A Buyer's Guide to Sugar Substitutes

The good, the bad and the unacceptable.

Here’s a rundown of some FDA-cleared sweeteners—which have also earned the go-ahead from major health organizations, like the American Heart Association. To get FDA approval, manufacturers must submit dozens of tests to prove safety, and establish maximum intake levels (called Acceptable Daily Intake, or ADI). However, some groups, like the Center for Science in the Public Interest (CSPI), quibble with the quality of these studies, which are usually conducted by the manufacturers themselves, or companies they hire. A handful of sweeteners, such as stevia leaf extract, are classified by the FDA as GRAS—Generally Recognized as Safe. Even though “natural” sugar substitutes like these are often perceived as healthier options, GRAS sugar substitutes usually don’t have as much safety data as approved additives. And with the science changing all the time, it’s worth using any of them sparingly. See the guide below for information about each sweetener.

Monk Fruit Extract (Luo Han Guo)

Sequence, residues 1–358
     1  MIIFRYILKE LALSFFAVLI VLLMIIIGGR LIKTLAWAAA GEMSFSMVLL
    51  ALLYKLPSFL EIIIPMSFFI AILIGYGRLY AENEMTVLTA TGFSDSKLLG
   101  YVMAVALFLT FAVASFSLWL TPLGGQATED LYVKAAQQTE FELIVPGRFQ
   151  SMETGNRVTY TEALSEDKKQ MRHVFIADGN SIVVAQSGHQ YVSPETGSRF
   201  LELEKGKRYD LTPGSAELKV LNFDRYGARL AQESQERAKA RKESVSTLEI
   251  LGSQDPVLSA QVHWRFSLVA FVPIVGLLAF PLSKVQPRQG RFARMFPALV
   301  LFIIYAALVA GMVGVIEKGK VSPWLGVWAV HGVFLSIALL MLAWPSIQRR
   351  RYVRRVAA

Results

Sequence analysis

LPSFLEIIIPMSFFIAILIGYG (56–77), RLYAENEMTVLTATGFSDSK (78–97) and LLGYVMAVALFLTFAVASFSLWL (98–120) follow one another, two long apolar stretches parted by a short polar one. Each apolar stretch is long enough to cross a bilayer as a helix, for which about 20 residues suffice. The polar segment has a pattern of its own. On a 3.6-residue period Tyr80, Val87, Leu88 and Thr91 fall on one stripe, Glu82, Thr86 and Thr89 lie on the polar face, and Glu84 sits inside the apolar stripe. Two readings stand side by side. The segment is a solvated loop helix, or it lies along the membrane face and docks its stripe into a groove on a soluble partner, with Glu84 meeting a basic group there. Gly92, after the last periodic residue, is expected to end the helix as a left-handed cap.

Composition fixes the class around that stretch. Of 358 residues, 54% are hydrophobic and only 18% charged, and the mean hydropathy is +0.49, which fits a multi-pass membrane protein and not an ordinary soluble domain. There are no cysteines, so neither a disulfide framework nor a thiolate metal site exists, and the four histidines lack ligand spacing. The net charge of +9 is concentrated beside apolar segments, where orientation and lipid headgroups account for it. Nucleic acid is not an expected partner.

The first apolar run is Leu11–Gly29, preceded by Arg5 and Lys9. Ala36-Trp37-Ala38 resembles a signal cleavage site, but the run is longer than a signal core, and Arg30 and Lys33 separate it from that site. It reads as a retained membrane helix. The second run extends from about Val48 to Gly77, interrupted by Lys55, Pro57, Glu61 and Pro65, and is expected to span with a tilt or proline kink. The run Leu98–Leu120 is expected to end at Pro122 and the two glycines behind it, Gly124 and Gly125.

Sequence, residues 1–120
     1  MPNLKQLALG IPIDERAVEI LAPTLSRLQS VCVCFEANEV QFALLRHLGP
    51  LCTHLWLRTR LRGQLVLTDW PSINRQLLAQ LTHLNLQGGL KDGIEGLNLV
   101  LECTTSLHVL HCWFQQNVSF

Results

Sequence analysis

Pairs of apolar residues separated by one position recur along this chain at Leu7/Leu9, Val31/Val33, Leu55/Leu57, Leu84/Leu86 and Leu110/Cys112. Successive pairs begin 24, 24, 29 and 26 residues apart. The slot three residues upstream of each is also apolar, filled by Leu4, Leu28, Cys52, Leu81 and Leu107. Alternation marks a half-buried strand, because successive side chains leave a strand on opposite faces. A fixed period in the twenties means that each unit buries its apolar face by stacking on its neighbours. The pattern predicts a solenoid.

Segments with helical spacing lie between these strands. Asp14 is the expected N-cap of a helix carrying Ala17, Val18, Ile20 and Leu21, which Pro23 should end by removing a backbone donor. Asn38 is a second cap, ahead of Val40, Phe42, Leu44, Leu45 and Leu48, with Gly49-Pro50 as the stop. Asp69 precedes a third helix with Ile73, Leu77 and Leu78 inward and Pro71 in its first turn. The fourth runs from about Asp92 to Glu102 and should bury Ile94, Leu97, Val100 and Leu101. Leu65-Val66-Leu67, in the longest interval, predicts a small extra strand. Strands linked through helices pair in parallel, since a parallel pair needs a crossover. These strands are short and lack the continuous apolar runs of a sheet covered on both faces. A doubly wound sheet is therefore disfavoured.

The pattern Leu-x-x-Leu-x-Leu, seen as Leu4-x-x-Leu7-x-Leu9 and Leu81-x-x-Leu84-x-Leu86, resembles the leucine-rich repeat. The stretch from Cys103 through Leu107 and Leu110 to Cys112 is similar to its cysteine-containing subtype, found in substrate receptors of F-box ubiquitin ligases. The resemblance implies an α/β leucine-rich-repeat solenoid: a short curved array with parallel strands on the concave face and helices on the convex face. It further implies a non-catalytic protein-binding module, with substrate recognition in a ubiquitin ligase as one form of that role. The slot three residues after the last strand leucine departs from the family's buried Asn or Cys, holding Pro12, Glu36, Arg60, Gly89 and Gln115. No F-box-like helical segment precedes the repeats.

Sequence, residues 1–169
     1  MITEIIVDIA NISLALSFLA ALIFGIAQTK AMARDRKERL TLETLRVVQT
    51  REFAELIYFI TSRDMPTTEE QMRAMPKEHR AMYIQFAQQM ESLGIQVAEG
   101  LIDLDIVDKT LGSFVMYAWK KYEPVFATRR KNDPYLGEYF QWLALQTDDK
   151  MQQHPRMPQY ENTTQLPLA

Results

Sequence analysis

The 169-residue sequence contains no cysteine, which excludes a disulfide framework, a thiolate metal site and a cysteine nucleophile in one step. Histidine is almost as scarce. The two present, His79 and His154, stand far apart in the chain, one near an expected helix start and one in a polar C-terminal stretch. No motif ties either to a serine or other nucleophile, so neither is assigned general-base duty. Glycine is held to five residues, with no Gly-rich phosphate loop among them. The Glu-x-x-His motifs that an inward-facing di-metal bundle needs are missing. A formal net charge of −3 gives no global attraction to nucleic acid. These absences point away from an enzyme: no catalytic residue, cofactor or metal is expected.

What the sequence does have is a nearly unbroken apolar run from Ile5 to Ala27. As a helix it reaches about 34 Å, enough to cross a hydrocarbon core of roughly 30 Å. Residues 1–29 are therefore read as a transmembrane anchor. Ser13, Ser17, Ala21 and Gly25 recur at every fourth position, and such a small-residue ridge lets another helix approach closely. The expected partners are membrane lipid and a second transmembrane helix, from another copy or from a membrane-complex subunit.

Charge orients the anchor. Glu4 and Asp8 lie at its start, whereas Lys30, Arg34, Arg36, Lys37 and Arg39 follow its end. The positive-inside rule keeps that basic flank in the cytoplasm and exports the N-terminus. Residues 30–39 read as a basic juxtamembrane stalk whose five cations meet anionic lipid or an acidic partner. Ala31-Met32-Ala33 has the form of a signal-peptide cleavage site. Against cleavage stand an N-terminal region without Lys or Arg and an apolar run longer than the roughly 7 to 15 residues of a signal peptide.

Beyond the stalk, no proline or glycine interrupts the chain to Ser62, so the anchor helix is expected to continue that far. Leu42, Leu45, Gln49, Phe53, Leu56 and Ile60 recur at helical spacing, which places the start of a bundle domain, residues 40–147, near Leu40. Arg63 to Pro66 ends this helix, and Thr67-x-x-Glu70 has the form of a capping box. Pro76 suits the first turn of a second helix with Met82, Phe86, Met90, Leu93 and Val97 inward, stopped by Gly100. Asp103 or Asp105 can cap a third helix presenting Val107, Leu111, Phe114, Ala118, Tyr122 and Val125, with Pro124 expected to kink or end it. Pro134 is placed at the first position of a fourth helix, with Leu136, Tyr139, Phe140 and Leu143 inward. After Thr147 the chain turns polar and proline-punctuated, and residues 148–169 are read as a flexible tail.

• Monk Fruit in the Raw
• Purefruit

Regulatory status = FDA GRAS status

ADI for adults (number of packets) = Not specified

Where you’ll find it
Monk Fruit in the Raw is available as a packaged sweetener; monk fruit extract can be found in a few foods and beverages, like no-sugar-added fruit cups, sparkling fruit beverages and some cereals.

The scoop
Extracted from the juice of an Asian subtropical melon, it has a slightly fruity taste, so it’s often blended with other sweeteners to mute the flavor. Though the extract has not been extensively tested, the fruit has a long history of consumption in China, where it’s used medicinally to help soothe colds and sore throats.

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